Piaget's third stage of cognitive development (7-12 years) during which the child develops simple logic and masters conservation concepts.
Changes in the form of an object do not alter physical properties of mass, volume, and number.
Formal Operational Stage
Piaget's fourth stage of cognitive development (12+ years) during which the child begins to think logically about abstract concepts and engages in hypothetical thinking.
The process of absorbing information from a specified social environmental context.
Zone of Proximal Development (ZPD)
The range between the level at which a child can solve a problem working alone with difficulty, and the level at which a child can solve a problem with the assistance of adults or more-skilled children.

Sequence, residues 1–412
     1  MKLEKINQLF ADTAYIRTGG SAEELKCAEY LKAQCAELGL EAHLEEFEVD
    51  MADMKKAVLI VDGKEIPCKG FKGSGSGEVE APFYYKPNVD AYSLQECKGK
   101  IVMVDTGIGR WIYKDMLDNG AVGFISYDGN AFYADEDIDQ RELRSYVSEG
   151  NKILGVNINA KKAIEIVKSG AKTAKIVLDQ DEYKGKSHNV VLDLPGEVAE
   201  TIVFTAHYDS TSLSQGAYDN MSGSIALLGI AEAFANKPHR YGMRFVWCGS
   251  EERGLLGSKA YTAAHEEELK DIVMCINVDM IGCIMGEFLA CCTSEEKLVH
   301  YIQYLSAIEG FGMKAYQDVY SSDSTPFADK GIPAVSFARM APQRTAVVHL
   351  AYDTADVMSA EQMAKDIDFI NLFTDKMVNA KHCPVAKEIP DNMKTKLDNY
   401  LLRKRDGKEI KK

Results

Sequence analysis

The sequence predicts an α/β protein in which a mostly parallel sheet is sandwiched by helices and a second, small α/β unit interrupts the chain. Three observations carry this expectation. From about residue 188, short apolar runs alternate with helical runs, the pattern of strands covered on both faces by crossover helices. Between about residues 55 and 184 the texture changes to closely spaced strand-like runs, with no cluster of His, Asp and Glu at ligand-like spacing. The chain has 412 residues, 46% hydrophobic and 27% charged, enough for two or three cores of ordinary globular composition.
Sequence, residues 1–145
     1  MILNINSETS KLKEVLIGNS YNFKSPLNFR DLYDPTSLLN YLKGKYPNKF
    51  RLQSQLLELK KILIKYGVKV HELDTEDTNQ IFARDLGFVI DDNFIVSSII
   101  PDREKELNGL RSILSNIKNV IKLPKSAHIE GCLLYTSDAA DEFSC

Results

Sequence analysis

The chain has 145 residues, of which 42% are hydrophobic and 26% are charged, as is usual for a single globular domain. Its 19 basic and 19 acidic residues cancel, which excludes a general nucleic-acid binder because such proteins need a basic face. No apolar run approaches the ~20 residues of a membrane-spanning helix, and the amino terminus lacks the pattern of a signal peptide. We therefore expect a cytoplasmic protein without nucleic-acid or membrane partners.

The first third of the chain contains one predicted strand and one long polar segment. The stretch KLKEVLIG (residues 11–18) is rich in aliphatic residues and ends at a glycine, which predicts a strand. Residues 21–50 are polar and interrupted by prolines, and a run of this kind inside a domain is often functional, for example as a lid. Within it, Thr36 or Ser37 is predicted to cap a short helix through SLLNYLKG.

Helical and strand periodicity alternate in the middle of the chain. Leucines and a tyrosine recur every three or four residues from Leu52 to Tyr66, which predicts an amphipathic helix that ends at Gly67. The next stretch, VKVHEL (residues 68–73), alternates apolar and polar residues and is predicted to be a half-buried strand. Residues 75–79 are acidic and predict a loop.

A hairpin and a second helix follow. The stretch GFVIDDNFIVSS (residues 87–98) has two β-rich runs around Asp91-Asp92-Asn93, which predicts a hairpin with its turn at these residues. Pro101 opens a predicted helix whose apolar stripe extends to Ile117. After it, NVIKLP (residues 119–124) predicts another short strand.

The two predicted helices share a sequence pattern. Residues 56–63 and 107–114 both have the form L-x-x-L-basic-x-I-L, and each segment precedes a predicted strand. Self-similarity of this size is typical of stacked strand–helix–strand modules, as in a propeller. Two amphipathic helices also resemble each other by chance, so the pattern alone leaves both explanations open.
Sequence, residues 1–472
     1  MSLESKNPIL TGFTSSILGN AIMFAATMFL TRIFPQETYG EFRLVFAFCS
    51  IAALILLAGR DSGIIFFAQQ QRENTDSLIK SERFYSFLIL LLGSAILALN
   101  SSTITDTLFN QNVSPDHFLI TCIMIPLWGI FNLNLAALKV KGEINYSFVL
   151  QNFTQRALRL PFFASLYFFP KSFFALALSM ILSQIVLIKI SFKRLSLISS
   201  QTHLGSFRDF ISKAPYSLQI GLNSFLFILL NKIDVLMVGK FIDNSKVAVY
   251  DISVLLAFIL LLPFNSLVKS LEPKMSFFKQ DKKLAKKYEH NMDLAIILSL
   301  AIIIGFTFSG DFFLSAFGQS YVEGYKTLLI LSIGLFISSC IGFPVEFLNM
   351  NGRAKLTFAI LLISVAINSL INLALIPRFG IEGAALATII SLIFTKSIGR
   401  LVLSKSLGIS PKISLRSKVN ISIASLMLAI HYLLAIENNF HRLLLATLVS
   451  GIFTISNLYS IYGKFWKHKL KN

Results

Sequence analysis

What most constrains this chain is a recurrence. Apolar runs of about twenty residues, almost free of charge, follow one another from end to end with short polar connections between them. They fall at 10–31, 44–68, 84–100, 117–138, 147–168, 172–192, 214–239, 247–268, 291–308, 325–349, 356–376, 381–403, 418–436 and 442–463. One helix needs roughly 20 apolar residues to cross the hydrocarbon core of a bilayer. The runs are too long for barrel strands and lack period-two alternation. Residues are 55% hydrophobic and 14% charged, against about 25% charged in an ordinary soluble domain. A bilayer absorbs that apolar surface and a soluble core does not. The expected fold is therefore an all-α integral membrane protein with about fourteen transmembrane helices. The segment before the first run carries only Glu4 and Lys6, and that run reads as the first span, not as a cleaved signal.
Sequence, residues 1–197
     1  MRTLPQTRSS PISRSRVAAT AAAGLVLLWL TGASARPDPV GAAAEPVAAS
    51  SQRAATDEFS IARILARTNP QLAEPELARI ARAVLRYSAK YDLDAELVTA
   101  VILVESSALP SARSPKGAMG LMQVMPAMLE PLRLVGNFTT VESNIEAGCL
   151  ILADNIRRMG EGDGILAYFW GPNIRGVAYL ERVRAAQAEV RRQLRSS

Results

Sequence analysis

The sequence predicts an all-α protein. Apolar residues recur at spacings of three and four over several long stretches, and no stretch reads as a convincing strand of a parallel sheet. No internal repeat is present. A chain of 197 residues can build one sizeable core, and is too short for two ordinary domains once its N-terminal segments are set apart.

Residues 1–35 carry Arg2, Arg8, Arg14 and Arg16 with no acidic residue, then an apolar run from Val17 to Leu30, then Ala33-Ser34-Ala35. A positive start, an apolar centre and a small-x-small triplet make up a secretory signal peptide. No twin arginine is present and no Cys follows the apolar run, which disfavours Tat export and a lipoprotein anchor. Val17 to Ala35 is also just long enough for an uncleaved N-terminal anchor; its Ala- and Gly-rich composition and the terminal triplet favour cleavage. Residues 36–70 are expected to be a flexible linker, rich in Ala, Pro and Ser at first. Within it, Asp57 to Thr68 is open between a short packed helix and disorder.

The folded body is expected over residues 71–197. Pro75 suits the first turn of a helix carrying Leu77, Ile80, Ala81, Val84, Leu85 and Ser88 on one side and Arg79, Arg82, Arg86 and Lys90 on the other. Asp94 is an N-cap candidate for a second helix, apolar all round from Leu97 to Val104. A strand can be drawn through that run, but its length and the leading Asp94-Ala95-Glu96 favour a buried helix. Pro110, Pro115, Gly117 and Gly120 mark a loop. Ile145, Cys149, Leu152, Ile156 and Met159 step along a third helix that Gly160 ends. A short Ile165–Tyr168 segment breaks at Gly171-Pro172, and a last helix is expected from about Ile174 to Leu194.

A fatal degenerative disease in which brain neurons progressively die, causing loss of memory, reasoning, emotion, control of bodily functions, then death.
Growth in the ability to tell right from wrong, control impulses, and act ethically.
When at the preoperational stage of cognitive development
Do the right thing to
Stage 1—avoid punishment, obey authority
Stage 2—further self-interests, gain reward
When at the concrete operational stage of cognitive development or formal operational stage for most people
Stage 3—conform, live up to expectations of others
Stage 4—maintain law and order, do your duty
Reached by only some people in the formal operational stage
Stage 5—social contract, to promote the society's welfare
Stage 6—to promote justice